What had surprised, and favorably impressed, both Trevor and Liz was that Jason had personally delivered the engraved coronation invitation for Jane, introduced himself, and very formally asked Trevor to take Jane to the coronation events, explaining exactly where they would be, who they would be with, and what time he would have her home. And he had been true to his word on all counts. Trevor had been impressed, and Liz had been wowed.
Trevor and Liz had gone to the coronation ball but decided that Wembley might be a bit beyond their age bracket. They had been at Westminster Abbey for the coronation, but were later surprised to see Jane, Chris and Laura on the balcony with the royal family, waving to the tens of thousands in front of the palace and identified by name by the newscasters as friends of Jason Kent-Hughes. Trevor had explained to Michael that the balcony tradition was for royals only, but Michael must have decided to break with tradition.
They’d watched Jason and Jane at the ball and had smiled at the thrilled look on Jane’s face when King Michael had asked her to dance. (“That’s a story she can tell her grandchildren and great-grandchildren,” Liz told Trevor. “She danced with a king at his coronation ball.”) They had later watched the celebration at Wembley Stadium on television with Andrew at home. When Jason delivered Jane home in a car driven by palace security at 2 a.m., right at the promised time, she and Liz had stayed up until dawn talking about all of what had transpired and reliving the entire day. Liz told Trevor later that of all the events and experiences their daughter had had, the one that had left the greatest impression was Jason’s gentle kiss goodnight at the door, their daughter’s first kiss by a boy.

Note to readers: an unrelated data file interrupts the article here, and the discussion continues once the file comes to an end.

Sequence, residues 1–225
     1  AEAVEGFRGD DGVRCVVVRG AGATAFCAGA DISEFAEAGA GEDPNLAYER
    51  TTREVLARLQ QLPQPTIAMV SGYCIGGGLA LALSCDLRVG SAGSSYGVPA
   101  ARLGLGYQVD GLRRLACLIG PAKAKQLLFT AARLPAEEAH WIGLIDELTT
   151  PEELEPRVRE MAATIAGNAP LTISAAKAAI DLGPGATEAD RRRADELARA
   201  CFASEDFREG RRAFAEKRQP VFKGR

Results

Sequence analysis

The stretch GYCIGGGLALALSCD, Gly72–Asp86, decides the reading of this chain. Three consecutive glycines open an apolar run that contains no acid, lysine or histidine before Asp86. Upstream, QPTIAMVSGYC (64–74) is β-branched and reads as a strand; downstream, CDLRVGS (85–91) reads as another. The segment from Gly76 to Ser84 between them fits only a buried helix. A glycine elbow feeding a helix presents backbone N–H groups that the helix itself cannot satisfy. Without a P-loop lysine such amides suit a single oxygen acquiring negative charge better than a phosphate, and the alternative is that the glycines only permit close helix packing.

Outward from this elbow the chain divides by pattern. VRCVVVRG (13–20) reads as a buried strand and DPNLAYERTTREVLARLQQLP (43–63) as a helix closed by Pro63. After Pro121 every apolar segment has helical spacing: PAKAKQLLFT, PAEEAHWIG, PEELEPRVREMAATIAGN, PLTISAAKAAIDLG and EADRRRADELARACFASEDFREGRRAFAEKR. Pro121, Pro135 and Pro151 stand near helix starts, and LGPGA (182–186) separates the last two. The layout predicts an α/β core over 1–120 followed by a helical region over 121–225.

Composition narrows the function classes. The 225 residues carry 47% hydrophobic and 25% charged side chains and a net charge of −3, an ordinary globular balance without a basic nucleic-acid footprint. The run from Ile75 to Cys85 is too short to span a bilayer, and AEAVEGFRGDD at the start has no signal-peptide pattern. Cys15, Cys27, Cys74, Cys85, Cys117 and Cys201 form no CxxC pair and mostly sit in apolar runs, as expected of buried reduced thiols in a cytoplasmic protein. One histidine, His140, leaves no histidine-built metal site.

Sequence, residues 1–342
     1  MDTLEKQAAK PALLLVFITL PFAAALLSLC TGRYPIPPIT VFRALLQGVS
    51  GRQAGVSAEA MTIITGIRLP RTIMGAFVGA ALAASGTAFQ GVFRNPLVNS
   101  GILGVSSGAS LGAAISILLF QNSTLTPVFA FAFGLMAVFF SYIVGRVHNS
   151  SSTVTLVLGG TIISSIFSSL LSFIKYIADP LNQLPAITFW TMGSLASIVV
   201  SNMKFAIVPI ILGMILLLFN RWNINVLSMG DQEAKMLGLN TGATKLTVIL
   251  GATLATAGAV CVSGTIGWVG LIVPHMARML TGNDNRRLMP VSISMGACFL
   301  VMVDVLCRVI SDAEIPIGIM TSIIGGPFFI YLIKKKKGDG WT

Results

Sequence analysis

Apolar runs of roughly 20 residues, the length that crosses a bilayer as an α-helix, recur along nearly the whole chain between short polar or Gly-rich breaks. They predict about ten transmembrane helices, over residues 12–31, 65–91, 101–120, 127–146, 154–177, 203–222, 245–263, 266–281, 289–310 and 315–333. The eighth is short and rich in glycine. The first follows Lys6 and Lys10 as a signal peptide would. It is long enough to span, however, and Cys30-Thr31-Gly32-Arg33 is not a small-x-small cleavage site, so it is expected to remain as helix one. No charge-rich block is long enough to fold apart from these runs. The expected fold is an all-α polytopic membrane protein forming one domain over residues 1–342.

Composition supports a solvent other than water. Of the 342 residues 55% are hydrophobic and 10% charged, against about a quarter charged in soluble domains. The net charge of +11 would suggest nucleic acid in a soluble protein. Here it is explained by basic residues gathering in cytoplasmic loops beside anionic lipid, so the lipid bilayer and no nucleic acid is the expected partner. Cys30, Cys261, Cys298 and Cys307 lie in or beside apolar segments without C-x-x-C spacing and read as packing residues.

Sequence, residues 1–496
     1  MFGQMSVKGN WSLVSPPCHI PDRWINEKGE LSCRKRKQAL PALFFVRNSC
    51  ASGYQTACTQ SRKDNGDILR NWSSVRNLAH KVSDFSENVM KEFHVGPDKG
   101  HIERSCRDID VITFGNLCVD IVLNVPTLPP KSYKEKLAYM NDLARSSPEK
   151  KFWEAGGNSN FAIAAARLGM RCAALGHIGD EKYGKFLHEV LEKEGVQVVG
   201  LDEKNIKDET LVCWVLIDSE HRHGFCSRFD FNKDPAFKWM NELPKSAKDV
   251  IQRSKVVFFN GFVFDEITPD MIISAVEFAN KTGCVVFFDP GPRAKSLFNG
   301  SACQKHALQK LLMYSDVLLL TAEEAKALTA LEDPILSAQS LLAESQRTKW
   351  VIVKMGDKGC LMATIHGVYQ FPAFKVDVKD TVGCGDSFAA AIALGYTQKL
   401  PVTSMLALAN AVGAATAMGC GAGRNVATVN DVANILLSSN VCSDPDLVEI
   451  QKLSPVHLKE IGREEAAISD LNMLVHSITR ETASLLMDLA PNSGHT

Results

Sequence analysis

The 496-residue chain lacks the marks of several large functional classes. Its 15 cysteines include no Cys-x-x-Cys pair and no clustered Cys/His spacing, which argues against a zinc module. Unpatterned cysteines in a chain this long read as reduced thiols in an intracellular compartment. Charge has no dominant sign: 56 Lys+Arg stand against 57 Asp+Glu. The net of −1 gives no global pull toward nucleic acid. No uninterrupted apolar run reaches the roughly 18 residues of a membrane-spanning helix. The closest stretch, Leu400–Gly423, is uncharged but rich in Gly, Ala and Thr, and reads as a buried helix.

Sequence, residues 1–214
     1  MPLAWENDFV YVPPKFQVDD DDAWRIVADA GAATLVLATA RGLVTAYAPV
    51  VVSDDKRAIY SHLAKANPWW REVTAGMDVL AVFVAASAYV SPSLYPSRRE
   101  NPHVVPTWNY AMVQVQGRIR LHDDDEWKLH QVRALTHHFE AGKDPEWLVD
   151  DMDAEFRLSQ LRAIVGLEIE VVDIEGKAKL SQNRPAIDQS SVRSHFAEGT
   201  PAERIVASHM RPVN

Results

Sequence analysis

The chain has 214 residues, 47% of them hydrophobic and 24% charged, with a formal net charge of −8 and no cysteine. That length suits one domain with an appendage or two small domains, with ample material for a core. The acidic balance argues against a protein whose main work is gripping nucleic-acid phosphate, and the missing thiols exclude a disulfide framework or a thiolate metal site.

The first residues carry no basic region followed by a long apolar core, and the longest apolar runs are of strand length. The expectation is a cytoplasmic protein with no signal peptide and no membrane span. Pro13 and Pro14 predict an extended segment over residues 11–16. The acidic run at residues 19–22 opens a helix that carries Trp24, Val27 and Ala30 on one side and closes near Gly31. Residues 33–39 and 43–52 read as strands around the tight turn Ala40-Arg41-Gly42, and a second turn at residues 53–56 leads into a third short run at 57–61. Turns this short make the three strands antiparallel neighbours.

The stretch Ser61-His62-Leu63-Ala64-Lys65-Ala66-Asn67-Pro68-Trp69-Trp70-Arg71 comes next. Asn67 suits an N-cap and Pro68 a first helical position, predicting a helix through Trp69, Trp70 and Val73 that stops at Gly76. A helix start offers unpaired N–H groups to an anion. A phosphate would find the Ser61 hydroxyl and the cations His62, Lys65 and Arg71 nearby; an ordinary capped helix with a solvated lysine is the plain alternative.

Since the coronation in early May, Jason had become something of a fixture at the Barrys’ home in The Ridgeway in Watford, an upper middle-class neighborhood of four-bedroom homes. Trevor could see that Jason was as taken with his daughter as she seemed to be with him. Jane’s visits to the palace had initially worried Trevor that she might have her head turned by being around Michael and Sarah. But it simply hadn’t happened. She seemed to take Jason’s family in stride, and it likely helped that Michael and Sarah seemed to have gone out of their way to create something as close to a normal family life as possible.
“Sarah makes the king stay out of the kitchen when she’s cooking dinner,” Jane said, reporting on a dinner she shared with the family. “He’s apparently hopeless when it comes to cooking. Jim tells wild stories of what it was like eating with his father before he and Sarah married. The king minds Hank, changes his diaper, and feeds him while she’s doing a meal. And then he and Jason do the cleanup, with Jim required to clear the table.”